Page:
Wednesday, August 24, 2011

Olympic Shooting: Kids Not Allowed to Watch.

In London, they're going to give away Olympic tickets, except that the kids can't use them to see any of the shooting events.

Sad. Shooting has been part of the Olympics for a long time - I think it trivializes the accomplishments of many athletes: Takacs, Bassham, etc...

The youth ban will anger some elements of the British Olympic shooting establishment which already feels marginalised by Games organiser Locog.

Georgina Geikie, 26, a Commonwealth Games bronze medallist and Olympic pistol hopeful, said she was "horrified", adding: "This is a chance for children to look at guns in a different way. They are taking away the opportunity for the sport to blossom. How do we educate people that it is a sport if they cannot watch it?"

David Penn, secretary of the British Shooting Sports Council, said: "There is no link between Olympic-level shooting and crime. It's like saying that a thief would use aFormula One car as a getaway car."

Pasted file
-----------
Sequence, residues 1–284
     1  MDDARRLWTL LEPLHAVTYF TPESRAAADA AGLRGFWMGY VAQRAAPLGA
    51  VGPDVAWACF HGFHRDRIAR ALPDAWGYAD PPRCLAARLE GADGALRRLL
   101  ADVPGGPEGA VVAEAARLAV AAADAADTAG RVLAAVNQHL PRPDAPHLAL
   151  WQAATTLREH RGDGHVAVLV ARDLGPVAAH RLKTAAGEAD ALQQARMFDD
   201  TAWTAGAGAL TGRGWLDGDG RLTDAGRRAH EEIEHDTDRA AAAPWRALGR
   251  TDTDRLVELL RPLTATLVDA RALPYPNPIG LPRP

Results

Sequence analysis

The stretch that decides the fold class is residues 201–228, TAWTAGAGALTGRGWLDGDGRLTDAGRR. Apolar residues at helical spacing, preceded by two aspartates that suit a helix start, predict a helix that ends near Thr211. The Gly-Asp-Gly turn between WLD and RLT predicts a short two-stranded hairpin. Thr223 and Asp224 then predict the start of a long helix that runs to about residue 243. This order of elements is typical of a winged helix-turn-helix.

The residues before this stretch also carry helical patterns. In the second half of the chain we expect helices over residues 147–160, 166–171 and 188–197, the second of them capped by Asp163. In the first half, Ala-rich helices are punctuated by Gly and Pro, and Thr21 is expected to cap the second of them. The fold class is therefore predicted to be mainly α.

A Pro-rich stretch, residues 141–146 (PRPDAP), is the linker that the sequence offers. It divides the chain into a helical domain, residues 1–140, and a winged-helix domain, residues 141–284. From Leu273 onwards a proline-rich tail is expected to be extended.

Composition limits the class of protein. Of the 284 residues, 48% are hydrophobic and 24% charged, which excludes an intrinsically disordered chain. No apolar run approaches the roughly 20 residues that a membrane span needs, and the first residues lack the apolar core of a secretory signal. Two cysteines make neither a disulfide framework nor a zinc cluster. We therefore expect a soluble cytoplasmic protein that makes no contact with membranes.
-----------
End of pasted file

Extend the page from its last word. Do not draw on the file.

Christopher Graffius, of the British Association for Shooting and Conservation, said: "The Olympics represent the international peak of safe and responsible shooting. Children can see far worse on their TV screens and interact with far worse on their computers."

Many in the sport wanted the 2012 event staged at the national centre in Bisley,Surrey, so it would leave a legacy in the form of new rifle ranges. Britain's pistol shooters complain they are at a disadvantage because gun laws since the Dunblane massacre mean they have to train abroad.

Olympic shooters say theirs is a highly skilled disciplined and regulated sport, and reject any notion that it encourages gun crime.

But Danny Bryan, founder of Communities Against Gun and Knife Crime said: "I agree with Boris. It is good kids should enjoy the Games but there's no way we should glorify guns."